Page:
Thursday, July 21, 2016

Who decides radical design change?

After the dust for "Seamless" settled, I went to the Star Tribune web edition, expecting to see the usual facsimile edition.  Instead I found a clutter with a page occupying less of the screen than before.

Why do management and designers make radical changes that maybe only a few want?  Many users like the way things work and only want tweaks to fix a few things that don't work well.

Apple is notorious for this.  What worked one way well suddenly works in a completely different way.   Way back in the first decade of the Mac, I looked forward to updates, especially new levels.  Now, I won't touch a new level unless I buy a new gadget.  And many times, I wish I had stuck with the old gadget even if the newer is faster and has more data capacity.

I think the problem is "focus groups".  Management pays a few selected participants to attend a meeting while management watches behind one-way glass.  The moderator works and works to get the participants to agree to management's proposal.  Only when the participants agree to management's proposal do they get their honorarium and get to go home.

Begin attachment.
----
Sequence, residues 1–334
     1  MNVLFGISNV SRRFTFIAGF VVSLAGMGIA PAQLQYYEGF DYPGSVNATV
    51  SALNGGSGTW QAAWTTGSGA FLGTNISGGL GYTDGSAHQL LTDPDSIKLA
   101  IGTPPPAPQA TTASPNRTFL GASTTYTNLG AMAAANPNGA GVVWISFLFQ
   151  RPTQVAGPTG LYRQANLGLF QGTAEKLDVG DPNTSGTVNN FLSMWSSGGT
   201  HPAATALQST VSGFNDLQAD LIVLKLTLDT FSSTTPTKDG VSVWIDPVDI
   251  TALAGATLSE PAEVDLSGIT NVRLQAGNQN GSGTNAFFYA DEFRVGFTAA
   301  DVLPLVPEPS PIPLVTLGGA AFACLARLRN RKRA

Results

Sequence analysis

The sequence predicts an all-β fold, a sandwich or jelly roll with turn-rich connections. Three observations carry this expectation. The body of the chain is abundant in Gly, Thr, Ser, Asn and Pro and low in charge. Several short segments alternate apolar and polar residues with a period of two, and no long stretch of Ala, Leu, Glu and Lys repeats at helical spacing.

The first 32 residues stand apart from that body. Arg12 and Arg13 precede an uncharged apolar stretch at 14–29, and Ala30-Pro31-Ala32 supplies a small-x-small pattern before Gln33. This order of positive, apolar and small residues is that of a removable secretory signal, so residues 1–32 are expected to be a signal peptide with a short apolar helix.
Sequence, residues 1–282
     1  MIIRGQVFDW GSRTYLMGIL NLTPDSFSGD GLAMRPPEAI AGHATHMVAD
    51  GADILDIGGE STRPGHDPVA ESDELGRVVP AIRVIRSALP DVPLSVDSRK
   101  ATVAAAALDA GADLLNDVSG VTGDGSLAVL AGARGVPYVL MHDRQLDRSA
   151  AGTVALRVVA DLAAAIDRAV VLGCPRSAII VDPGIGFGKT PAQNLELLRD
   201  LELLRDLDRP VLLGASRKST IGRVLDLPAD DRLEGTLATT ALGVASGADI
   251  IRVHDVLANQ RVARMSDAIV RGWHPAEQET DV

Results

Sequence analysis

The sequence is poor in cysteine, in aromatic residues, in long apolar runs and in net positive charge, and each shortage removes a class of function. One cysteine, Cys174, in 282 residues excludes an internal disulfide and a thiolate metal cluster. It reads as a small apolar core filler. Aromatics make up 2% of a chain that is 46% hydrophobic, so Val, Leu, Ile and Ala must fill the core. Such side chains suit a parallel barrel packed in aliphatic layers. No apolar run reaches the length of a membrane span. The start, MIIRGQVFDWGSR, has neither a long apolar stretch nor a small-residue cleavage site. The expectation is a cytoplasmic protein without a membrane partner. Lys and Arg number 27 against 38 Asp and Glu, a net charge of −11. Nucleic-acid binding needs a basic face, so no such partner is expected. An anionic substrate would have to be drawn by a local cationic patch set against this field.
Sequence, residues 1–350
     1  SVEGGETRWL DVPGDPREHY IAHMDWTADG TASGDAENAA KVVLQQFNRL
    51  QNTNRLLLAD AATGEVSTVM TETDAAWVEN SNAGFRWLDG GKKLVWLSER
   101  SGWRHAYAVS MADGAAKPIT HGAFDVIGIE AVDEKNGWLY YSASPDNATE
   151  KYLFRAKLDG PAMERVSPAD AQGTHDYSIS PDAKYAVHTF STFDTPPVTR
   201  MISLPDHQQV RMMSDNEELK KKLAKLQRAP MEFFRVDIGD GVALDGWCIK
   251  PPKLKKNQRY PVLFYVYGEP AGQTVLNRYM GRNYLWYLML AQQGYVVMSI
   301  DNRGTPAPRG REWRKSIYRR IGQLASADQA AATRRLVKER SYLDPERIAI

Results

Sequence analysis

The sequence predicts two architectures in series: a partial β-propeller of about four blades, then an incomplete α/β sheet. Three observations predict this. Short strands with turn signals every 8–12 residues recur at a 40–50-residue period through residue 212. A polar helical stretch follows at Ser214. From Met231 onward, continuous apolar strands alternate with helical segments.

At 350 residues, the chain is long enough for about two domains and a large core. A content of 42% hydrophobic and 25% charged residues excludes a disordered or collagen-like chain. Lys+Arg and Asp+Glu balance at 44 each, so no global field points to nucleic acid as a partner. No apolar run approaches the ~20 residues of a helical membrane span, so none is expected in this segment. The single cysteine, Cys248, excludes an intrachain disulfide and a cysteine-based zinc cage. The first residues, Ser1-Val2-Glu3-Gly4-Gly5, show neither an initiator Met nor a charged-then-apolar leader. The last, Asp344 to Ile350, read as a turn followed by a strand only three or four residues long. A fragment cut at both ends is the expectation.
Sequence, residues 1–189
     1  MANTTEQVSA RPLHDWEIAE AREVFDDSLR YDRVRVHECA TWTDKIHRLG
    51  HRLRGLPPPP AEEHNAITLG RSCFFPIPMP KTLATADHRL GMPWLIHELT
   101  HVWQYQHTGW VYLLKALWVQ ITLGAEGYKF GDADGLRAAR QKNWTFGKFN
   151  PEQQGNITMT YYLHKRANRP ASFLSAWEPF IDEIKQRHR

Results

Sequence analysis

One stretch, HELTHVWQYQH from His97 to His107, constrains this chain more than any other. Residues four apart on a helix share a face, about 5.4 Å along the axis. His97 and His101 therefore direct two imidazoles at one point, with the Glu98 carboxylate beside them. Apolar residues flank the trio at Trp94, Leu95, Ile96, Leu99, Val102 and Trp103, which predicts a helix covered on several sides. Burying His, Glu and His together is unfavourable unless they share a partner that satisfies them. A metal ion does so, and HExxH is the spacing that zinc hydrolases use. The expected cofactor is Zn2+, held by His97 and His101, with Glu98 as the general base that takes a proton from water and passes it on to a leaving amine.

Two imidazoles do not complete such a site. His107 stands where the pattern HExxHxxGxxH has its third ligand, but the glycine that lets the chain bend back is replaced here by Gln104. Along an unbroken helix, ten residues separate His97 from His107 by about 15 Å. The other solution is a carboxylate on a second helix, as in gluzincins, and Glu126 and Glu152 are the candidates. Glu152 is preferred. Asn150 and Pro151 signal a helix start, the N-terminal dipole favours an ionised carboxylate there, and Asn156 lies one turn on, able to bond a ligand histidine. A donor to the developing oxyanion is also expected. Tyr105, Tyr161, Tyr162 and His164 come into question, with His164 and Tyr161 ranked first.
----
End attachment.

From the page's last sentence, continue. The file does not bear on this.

I know!  I was in a focus group to approve "Comfort Systems" for the Duluth gas and water department.  Few of us were happy with "Comfort Systems".  We didn't know until later who the entity was; we assumed it was a private utility.

Back to technology: "New and Exciting" may mean "Frustrating and Buggy".

To add insult to injury, Google won't let me scroll the text I pasted here.  It moves the window as a block instead of the text in the frame.  It didn't do that for the last post!!!